Supreme Court Patent Ruling Avoids Tough IssuesRejecting the Bilski business method patent claim, the Supreme Court has pleased defenders of the status quo and frustrated those seeking patent reform.
Upholding an appeals court ruling in the closely watched Bilski v. Kappos case, the U.S. Supreme Court denied patent protection to a specific business method for energy trading. But the Supreme Court chose not to clarify the lines that define patentable subject matter.
The disallowed patent claim describes a series of steps for hedging against the risk of price changes in the energy commodities market. It was rejected by a patent examiner because it was an abstract formula not implemented on a specific device.
Even as it upheld prior rulings supporting the patent examiner's initial determination, the Supreme Court said the Federal Circuit Court erred in concluding that the exclusive test for determining whether a business process can be patented involves implementation on a machine or transformative action.
But the Supreme Court did not present a bright-line test that more clearly defines the kinds of business processes and ideas that can be patented. In short, it declined to rock the boat. Software and business methods continue to be eligible for patent protection, provided the claim can be justified under current legal criteria.
Scott Bain, litigation counsel of the Software & Information Industry Association, a technology industry association that filed a brief in support of maintaining the status quo, said he was pleased by the decision.
"If people were looking for a landmark decision, this was the wrong case," he said in a phone interview.
"I honestly would characterize the ruling as kind of a punt," he said. "The difficult questions still remain."
The difficult questions go beyond defining what is and isn't patentable to include: the appropriateness of granting patents for 20 years when different industries have different market cycles and innovation time-lines; the appropriateness of allowing ideas to be patented at all; defining universally appropriate patent infringement penalties and legal remedies like injunctions; assuring patent examiners understand the patent applications they review and have adequate resources; and approaches for dealing with abusive patent litigation.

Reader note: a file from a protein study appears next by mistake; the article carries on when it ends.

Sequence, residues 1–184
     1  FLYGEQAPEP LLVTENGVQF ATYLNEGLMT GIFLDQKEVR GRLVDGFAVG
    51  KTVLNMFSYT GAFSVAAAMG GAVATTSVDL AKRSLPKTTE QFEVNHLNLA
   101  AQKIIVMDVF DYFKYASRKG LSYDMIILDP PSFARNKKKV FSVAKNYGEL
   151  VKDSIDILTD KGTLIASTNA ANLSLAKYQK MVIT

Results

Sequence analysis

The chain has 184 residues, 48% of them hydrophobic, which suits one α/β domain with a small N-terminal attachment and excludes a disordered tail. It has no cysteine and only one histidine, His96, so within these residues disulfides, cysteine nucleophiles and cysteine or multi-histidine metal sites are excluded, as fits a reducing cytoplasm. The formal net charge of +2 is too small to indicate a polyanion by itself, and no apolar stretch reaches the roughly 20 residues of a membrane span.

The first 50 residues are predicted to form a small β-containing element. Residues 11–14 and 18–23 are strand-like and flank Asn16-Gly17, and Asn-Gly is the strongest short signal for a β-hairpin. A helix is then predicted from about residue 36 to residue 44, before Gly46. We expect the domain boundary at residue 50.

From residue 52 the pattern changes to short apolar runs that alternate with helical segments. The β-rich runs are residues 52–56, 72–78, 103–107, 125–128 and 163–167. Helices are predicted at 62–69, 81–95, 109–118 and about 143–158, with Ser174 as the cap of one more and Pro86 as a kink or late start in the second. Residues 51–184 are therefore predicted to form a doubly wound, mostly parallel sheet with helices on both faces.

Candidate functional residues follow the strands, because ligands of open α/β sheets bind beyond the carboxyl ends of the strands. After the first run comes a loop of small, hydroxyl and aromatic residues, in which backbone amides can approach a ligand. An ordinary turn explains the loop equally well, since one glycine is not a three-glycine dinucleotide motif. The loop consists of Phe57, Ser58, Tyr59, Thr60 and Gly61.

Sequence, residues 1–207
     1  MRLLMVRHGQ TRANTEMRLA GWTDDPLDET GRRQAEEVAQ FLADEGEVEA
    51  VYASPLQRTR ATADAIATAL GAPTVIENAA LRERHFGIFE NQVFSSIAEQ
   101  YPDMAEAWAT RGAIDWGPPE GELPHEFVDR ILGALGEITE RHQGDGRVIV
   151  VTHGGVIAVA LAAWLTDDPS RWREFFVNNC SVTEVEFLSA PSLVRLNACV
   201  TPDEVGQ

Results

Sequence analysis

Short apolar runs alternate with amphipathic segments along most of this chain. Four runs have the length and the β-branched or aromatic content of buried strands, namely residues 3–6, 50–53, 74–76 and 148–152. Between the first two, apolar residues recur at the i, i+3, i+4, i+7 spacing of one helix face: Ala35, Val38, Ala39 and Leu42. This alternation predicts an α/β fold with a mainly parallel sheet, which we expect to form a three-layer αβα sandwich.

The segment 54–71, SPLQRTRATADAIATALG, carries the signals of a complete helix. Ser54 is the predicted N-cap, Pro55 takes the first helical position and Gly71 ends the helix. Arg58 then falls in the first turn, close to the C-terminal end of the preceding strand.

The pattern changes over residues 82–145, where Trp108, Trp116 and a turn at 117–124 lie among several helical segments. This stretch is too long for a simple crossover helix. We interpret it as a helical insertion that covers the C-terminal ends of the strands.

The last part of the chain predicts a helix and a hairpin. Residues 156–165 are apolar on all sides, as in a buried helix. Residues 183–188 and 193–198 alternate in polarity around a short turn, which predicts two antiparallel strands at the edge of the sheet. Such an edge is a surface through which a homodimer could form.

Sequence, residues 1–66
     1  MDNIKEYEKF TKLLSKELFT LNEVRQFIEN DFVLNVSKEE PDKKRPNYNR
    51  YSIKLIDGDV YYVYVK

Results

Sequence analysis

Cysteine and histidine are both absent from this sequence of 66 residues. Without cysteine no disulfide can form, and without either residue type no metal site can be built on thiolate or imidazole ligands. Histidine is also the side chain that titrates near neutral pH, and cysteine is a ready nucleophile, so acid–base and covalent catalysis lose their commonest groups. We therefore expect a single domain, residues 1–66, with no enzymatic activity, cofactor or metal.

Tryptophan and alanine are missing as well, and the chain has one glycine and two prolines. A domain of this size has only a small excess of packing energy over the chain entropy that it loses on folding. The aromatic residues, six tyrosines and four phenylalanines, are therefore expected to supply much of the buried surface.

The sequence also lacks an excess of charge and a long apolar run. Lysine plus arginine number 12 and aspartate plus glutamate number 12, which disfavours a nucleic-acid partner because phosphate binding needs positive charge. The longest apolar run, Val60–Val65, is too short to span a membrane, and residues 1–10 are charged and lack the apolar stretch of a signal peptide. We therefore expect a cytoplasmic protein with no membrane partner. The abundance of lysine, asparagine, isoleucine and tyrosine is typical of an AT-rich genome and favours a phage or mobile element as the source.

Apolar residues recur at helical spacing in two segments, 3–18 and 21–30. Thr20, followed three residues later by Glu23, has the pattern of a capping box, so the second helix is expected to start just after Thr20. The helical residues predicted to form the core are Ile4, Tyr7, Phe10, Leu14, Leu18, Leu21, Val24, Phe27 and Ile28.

These issues have been debated for years in Congress, at the behest of stakeholders and their lobbyists. But substantive change continues to be elusive.
Eben Moglen, chairman of the Software Freedom Law Center, a group that provides law services to developers of free, open-source software, also characterized the Supreme Court's decision as a vote for the status quo, though he's not enthusiastic about the ruling.
"The Supreme Court has launched us into the same miasma of uncertainty that we were in," he said in a phone interview. "This absurdly over-broad granting of monopolies on ideas is an acute difficulty in the world of information technology."
Moglen points to the success of free, open-source software and idea sharing in the tech community and argues that the success of the IT industry and open-source software over the past two decades demonstrates that there's an alternative the costly patent legal regime.
"We have shown over 20 years that the use of IT knowledge that's freely available to everyone creates a far better system that the patent system," he said.
He attributes the current patent reform impasse to differences between the tech industry and the pharmaceutical industry. The pharmaceutical industry, he said, "owns a lot of senators," making reform difficult.
"We have a system which the IT industry no longer derives any benefit from," he said. "The time has come for the IT industry to try to do everything it can to get itself out of the patent system."